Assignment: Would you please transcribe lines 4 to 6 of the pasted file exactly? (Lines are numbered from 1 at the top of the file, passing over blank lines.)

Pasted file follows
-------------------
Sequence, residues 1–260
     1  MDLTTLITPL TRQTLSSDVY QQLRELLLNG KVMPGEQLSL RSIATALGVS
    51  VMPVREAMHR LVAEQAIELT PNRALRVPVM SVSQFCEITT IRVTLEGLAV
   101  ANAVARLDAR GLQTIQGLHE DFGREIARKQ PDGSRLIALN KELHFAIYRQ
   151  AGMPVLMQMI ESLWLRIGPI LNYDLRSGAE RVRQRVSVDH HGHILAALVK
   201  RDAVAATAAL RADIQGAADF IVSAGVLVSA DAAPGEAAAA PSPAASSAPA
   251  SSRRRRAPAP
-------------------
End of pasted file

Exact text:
   101  ANAVARLDAR GLQTIQGLHE DFGREIARKQ PDGSRLIALN KELHFAIYRQ
   151  AGMPVLMQMI ESLWLRIGPI LNYDLRSGAE RVRQRVSVDH HGHILAALVK
   201  RDAVAATAAL RADIQGAADF IVSAGVLVSA DAAPGEAAAA PSPAASSAPA